The Federal Bureaucracy-Plutocracy

According to an analysis of federal payroll data by USA Today, the federal bureaucracy has flourished during the current recession.

Federal employees making salaries of $100,000 or more jumped from 14% to 19% of civil servants during the recession’s first 18 months—and that’s before overtime pay and bonuses are counted.

Federal workers are enjoying an extraordinary boom time—in pay and hiring—during a recession that has cost 7.3 million jobs in the private sector.

The highest-paid federal employees are doing best of all on salary increases. Defense Department civilian employees earning $150,000 or more increased from 1,868 in December 2007 to 10,100 in June 2009, the most recent figure available.

When the recession started, the Transportation Department had only one person earning a salary of $170,000 or more. Eighteen months later, 1,690 employees had salaries above $170,000.

The trend to six-figure salaries is occurring throughout the federal government, in agencies big and small, high-tech and low-tech. The primary cause: substantial pay raises and new salary rules.

The growth in six-figure salaries has pushed the average federal worker’s pay to $71,206, compared with $40,331 in the private sector.

The report notes that the data analyzed do not include employees of the White House, Congress, the Postal Service, and the intelligence agencies or uniformed members of the armed forces. Adding these employees to the analysis probably would not alter the general outlines of the study’s conclusions.

This development would be remarkable at any time, but it seems even more remarkable when it coincides with a more-than-doubling of the unemployment rate, a 4 percent decline in real GDP, and the evaporation of trillions of dollars of private wealth in the markets for corporate shares, other financial securities, and real estate.

This development also highlights the division of interests at the heart of classical liberal class analysis: the division between those who gain their income from honest production and trade (which Franz Oppenheimer called the “economic means”) and those who gain their income by plundering the producers (which he called the “political means”). Plutocrats are no longer only the Daddy Warbucks types, wearing diamond stickpins and puffing on oversized cigars (although Hank Paulson clearly illustrates that such types have not disappeared). Now they are also the blank-faced bureaucrats, dozing over their desks in nondescript office buildings.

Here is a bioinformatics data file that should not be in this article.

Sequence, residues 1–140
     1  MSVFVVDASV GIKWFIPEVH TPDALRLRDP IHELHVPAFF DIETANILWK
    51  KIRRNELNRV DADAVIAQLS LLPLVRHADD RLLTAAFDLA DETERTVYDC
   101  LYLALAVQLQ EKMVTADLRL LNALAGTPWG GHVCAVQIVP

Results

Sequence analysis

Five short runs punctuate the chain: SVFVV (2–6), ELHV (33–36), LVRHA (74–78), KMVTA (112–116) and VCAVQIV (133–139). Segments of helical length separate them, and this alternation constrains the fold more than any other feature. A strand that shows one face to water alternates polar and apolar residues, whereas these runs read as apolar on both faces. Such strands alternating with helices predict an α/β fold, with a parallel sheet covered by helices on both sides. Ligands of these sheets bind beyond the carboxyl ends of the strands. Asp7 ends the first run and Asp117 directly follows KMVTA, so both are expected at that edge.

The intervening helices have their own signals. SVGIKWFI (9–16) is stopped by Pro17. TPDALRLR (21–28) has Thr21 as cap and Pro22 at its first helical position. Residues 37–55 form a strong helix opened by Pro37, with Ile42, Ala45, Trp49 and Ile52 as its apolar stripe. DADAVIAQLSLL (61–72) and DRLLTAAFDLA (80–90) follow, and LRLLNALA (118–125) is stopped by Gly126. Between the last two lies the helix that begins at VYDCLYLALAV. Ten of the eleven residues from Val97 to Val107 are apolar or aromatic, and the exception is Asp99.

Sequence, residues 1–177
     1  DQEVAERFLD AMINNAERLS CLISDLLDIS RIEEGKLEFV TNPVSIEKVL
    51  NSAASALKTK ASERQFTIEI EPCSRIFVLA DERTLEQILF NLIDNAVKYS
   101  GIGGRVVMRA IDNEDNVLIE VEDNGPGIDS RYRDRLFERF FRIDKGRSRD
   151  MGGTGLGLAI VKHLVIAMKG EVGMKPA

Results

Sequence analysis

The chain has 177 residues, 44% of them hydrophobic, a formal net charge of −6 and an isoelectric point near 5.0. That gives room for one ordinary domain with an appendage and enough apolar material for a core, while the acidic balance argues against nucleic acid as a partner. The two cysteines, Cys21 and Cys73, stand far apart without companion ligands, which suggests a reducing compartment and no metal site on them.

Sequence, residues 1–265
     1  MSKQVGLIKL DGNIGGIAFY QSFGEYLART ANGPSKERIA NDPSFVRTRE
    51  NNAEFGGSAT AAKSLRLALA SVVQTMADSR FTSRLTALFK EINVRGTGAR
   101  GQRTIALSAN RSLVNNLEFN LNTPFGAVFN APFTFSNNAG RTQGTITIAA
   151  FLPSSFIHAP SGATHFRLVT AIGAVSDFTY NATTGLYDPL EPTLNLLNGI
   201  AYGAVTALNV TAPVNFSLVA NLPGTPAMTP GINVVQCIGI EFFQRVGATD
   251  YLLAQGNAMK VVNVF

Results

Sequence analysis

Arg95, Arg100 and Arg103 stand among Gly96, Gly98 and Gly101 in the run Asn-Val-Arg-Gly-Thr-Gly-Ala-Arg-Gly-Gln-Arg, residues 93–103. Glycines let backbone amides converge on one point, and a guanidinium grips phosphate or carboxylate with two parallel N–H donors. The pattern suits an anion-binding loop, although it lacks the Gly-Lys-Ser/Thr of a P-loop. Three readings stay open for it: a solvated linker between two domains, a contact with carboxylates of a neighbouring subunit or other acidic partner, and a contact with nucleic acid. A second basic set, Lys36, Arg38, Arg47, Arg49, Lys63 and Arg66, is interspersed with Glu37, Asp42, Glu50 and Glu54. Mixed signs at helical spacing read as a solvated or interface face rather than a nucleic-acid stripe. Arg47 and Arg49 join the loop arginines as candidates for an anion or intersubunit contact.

Even Franklin D. Roosevelt made a better showing in this regard, at least at the start of his presidency. Having campaigned against Herbert Hoover’s excessive enlargement of the bureaucracy and his large budget deficits, Roosevelt pushed through the Economy Act of 1933. This statute provided for substantial cuts in federal spending and veterans’ benefits and gave the president authority to eliminate some federal agencies to achieve greater government economy. Subsequent congressional and executive actions overturned most of the act’s provisions, but at least in this regard, Roosevelt’s heart was initially in the right place.

Unfortunately, we cannot say the same for Barack Obama’s heart. From his campaign, to the massive “stimulus” bill enacted in February, to the obscene hypertrophy of the federal bureaucrats’ pay, perks, and power during the past two years, we see all too plainly that while those of us who use the economic means to gain our living are struggling, those who use the political means are enjoying tremendous success in their plunder of the productive class, and that this conjunction has been anything but accidental. Members of the plundering class wanted it, and they have brought it about, owing to the threats of violence that serve as the basis for all of their actions under the state’s banners.

Thus, the current recession cum financial debacle certainly has been a severe misfortune for you and me, but for the federal bureaucracy, it has been a godsend—complete, we might note, with a messiah to lead the way.

Robert Higgs is Senior Fellow in Political Economy at the Independent Institute, author or editor of over fourteen Independent books, and Editor at Large of Independent’s quarterly journal The Independent Review.
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